"Any time you're playing around great talent, you obviously have to get better, you have to learn from it. As long as you have your eyes open, you see new things you can do and improve on your game that you see from older vets."

--- Ah yes, the live session. Again, the "special category" was third and medium (between four and six yards), a yardage the Eagles offense converted only 40 percent of the time in 2011 (both run attempts last season were successful). It began with the first offense against the second defense, as Jeremy Maclin drew a pass interference call on Jaiquawn Jarrett. Vick then found Jackson for a first down on a designed rollout before the defense made a few plays of their own. First, Brandon Graham, lined up at left end, beat Todd Herremans off the edge for a sack. It was another solid day overall for Graham, who has been impressive thus far. Then, Oshiomogho Atogwe made a nice read and stopped McCoy just short of the first down on a designed draw.

Later, when the first-team offense and second-team defense faced off again, McCoy did well to gain a few first downs on the ground. The other standout play came from Mychal Kendricks, working with the second-team nickel package, when he made a quick read on a tight-end screen, shed a Demetress Bell block and tackled Clay Harbor short of the first down - impressive stuff for the rookie.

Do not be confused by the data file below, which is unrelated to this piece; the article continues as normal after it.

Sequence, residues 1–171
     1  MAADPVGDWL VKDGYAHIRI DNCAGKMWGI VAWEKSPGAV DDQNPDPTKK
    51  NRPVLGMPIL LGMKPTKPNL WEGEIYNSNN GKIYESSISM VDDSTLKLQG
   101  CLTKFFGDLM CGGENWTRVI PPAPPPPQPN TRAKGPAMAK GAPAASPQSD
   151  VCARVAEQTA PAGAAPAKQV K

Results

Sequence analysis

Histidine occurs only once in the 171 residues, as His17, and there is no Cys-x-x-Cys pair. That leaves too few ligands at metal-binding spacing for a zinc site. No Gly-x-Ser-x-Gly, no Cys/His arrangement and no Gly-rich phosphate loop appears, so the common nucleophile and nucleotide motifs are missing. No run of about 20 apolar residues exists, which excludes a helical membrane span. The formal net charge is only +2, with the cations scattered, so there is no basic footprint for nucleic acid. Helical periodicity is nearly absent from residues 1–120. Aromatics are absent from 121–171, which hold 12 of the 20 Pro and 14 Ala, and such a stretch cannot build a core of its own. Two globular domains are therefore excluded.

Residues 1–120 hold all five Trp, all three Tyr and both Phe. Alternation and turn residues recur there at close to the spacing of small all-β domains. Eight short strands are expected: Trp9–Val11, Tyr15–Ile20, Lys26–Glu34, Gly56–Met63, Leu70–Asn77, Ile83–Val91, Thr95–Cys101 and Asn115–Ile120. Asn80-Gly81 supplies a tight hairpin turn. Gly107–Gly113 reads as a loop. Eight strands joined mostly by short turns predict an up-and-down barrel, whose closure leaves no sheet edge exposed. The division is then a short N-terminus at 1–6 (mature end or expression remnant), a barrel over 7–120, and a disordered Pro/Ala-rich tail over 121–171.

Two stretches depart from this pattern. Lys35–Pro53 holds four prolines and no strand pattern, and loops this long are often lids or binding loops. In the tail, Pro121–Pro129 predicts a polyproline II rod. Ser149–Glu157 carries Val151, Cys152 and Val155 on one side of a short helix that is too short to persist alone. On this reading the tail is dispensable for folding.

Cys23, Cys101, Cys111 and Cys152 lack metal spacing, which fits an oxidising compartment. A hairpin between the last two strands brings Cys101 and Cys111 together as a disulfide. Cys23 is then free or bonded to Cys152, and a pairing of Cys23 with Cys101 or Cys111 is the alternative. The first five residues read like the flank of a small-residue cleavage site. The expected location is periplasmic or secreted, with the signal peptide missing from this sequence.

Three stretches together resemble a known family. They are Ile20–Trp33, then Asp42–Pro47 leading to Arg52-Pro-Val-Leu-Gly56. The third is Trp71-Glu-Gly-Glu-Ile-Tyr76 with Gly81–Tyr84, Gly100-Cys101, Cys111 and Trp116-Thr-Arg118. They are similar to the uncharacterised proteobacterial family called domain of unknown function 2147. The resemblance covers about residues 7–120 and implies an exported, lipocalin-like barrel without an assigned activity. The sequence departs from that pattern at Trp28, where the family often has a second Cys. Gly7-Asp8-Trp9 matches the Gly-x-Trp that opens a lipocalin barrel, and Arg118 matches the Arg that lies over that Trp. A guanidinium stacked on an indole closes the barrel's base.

--- As for the first-team defense against the second-team offense, the edge did go to the defense. On an early play, with the defense showing an odd front with the defensive ends standing up, Cullen Jenkins came through unblocked by the offensive line with only Dion Lewis between he and Kafka. That matchup went about as you would expect, as Jenkins plowed through Lewis for a powerful sack. Later, Derek Landri single-handedly blew up a run in the backfield.

Lewis actually had a good session though, with two big runs. The first came after shaking Phillip Hunt at the line of scrimmage quickly before reaching the left edge and gaining a first down. On the next play, he took a screen over 20 yards down field before finally being taken down after Marsh caught him from behind.